The issue of Jerusalem has gained increased attention in the Israeli public and media since PM Ehud Barak proposed concessions over Israeli sovereignty in the city in the July 2000, Camp David summit. Recently, this attention has reached unprecedented levels due to the Dec. 20, 2001, publication of President Clinton's peace proposal, which included the possible division of Jerusalem into ethnically based areas, and the transfer of parts of the city to the Palestinian Authority.
On December 28, 2000, left-leaning commentator and well-known peace activist Dr. Meron Benvenisti, who was also deputy to former Jerusalem mayor Teddy Kolek, voiced his opposition in a Ha'aretz op-ed entitled "Jerusalem of Alienated Statesmen" Following are excerpts from Benvenisti's op-ed:
"Since the announcement of President Clinton's peace plan and its clauses relating to Jerusalem, I have been approached by confused Jerusalemites, who feel that the entire discussion over Jerusalem is divorced from reality, and is nothing but a collection of words trying to bridge an abyss of contradictions. I use the bridge metaphor deliberately, because when I tried to ask 'my sources'[in the Israeli government] how is it possible to implement the principle of 'the division of Jerusalem on an ethnic basis,'I discovered that bridge builders will have a lot of work: There will be a bridge from Silwan to the Temple Mount, a bridge from the Jewish Quarter to the Mount of Olives and bridges which will create 'territorial continuity'between Jewish neighborhoods [e.g., from the Jewish Quarter to Mount Scopus, to French Hill and Neveh Ya'akov, and from East Talpiot to Har Homa]. The division of Jerusalem into six dimensions, a kind of variation on the proverbial Earthly Jerusalem and Heavenly Jerusalem does not cease to preoccupy our statesmen."
"It's no wonder that my confusion has not dissipated: On one hand, since I have worked all my life for peace, I am supposed to be amazed by the historic breakthrough which is finally bringing about 'an end to the conflict.' On the other hand, what will happen to the graves of my ancestors [which will end up on the Palestinian side], to my basic sense of security, to my relations with my Arab friends and to my belief that a city is a living organism on which surgery should not be performed with the blunt scalpel of alienated healers? What should I do about my universal affiliation to this city, a link which includes the others'links to the city, links that reconcile with their traditions and culture? Why do I have to stay in the ghetto of my 'ethnic group'and hand over the Church of the Holy Sepulchre to Arafat? Why are they insisting on carrying out the strategy of 'separation'in Jerusalem, which will only increase the alienation and the hatred in the name of 'an end to the conflict?'"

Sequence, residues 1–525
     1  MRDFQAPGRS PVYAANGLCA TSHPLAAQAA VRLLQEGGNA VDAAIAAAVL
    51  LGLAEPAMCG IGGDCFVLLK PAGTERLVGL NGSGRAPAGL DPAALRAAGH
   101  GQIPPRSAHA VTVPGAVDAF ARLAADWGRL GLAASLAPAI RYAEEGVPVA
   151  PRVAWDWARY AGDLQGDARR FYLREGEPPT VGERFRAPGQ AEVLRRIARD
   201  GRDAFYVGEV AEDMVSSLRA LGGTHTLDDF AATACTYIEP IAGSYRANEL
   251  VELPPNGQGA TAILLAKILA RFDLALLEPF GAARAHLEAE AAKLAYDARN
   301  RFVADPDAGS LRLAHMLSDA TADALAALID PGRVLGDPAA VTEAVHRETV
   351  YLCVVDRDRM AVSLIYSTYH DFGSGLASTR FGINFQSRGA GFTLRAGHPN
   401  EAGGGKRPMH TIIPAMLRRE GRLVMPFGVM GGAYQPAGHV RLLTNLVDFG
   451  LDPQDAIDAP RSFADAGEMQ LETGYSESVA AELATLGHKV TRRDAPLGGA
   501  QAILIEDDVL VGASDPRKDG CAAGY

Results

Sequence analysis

"If 'an end to the conflict'is not an empty slogan of politicians, why are they setting an historical precedent, according to which peace requires the building of walls in the heart of the city, when until today the division of cities was a result of a state of war? Why don't they understand that Jerusalem is more that the sum of its ethnic components, and that the model of 'separation'should be replaced by the opposite model, that of 'cooperation?'If conditions are not yet ripe for 'cooperation,' perhaps the headlong rush to reach a final agreement now, at this very moment, is a serious mistake, and we have to work on a gradual process based on the beginnings of cooperation which already exist."
"Don't worry, 'my sources' assure me, we are working on the 'details,' and they will reassure you. That means that I have to rely on my leaders, those who are exploiting the mystical aura of authority. But in that case, why are they rushing to declare Clinton's peace proposals as an historic event, rather than telling the truth: everything depends on the 'details;' working them out will take years, and only at the end of the process will there be 'an end to the conflict.' God is in the details, and his 'prophets' should display more modesty."
 On January 8, 2001, in what was one of Israel's largest public protests, 250,000 people attended a mass rally to protest the possible transfer of part of Jerusalem to the Palestinian Authority. Ha'aretz, January 9, 2001.